Showing posts with label Social Democracy. Show all posts
Showing posts with label Social Democracy. Show all posts

Friday, December 30, 2011

Congress enjoys fat pensions and 401(k) plans while Americans just get poorer

The current Congress will have a hard time convincing the American public they should be re-elected, except for those dolts that walk around in a daze and end up voting for who they are told to vote for.  It’s pathetic, but in my estimation, it is this apathetic group that can often sway elections.  Otherwise, how would you explain nit-wit incompetents like Arizona’s sham Gov. Jan Brewer getting into office?  There is no other explanation, and it is likely that 2012 will be the long awaited reckoning.

In the meantime, these blundering blockheads we have sent to Washington will go on their merry way and even if we throw them out will enjoy a hefty pension of an average $40,000 per Congress member per year.  The taxpayer’s portion of that nice nest egg is 23 percent, according to newspaper columnist Laurie Roberts who laments “…the number of the people who approve of the job they're doing could fit comfortably into a Smart car…”  In addition there is a lucrative 401(k) plan which taxpayers also must contribute to.

All this while recent Census figures show that almost 1 in every 2 people in the United States are now considered poor or low-income.  You read that right; 146,400,000 people now fall into that category, based on current population figures from the U.S. Census.  And the numbers could go up if states continue to make further cuts.  But a conservative researcher says some of those in this class “…live in decent-size homes, drive cars and own wide-screen TVs.”  There is always the exception, but this does not explain the overall situation.

The actual figures are 97.3 million in the low income category and 49.1 million below the poverty line.  And the total is up by 4 million since 2009.  Yet the GOP refuses to allow a tax on millionaires that could help in stabilizing the economy and putting many of these people at the poverty level back to work.  But Tom Coburn of CNN says the millionaire tax won’t work but suggests instead ending  earmarks for the wealthy.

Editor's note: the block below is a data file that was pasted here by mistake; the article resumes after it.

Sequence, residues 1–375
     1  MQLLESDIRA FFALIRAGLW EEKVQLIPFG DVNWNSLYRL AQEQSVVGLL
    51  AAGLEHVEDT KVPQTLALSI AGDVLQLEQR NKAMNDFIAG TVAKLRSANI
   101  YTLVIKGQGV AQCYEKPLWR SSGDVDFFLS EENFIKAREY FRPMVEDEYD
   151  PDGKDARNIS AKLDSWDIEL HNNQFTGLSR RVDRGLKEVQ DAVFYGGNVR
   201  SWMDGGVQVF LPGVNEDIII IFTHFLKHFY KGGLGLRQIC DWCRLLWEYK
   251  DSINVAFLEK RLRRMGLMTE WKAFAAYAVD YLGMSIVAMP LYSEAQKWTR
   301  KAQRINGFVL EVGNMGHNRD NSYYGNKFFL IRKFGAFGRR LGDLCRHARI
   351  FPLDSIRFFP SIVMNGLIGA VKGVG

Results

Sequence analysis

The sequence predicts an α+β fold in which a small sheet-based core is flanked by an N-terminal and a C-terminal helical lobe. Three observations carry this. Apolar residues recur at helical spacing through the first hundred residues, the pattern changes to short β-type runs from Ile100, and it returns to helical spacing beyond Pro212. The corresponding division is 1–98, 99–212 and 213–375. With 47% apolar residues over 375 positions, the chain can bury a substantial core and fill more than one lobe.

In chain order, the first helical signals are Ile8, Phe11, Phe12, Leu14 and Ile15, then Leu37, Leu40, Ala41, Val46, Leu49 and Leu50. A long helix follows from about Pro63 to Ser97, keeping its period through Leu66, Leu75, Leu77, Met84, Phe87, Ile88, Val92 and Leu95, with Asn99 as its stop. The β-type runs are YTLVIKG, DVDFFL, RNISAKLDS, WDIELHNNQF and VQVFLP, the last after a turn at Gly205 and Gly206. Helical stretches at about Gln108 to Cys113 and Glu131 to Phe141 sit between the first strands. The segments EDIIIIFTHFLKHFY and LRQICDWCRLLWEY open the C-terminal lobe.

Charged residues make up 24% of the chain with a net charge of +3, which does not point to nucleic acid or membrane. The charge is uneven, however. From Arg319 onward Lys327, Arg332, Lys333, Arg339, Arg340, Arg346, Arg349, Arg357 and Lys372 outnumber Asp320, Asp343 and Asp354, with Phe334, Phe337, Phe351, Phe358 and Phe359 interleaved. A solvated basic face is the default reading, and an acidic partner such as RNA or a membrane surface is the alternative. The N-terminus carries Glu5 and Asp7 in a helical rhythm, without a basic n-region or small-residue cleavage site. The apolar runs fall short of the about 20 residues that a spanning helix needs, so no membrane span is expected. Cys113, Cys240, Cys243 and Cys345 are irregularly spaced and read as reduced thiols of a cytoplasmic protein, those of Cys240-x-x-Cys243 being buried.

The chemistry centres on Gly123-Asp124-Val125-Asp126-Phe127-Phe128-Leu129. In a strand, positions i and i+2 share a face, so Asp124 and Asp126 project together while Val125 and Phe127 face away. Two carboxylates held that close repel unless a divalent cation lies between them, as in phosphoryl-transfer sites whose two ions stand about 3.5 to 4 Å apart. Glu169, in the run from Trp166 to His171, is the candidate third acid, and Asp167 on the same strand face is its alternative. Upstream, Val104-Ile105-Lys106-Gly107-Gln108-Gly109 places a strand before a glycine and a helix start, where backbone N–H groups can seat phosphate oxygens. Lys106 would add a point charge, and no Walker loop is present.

These earmarks include tax write-offs for second homes and luxury yachts, gambling losses, business expenses, electric vehicle credits, even child care tax credits.  There are unemployment checks in the amount of $74 million, $316 million in farm subsidies, $9 billion in retirement checks, and $16 million in government-backed loans to attend college.  If we can’t tax the filthy rich, at least we should be able to take away perks that could be going to help low income and poor.

To me this sounds absolutely ridiculous and reeks of the grounds on which most Social Democracies are founded.  A financial inequity such as we have in America today has all the elements of a revolution and there are many out there that have already been pushed to the limit.  The Occupy Movement is an example and considering its longevity so far, could easily pave the way to more disorder in the trenches.  The extreme conservative right must take full credit for the situation we are in, and progressives must realize the opportunity at hand and take full advantage.

Wednesday, October 12, 2011

Millionaire tax another step toward a Social Democracy?

President Barack Obama has been called a socialist—which he isn’t—but he can be commended for introducing the 5 percent Millionaire Tax to help the jobless.  Although many corporate sharks make the claim that it is starvation or greed that makes people work, others believe they do it for enjoyment if it is meaningful, and to live a comfortable lifestyle.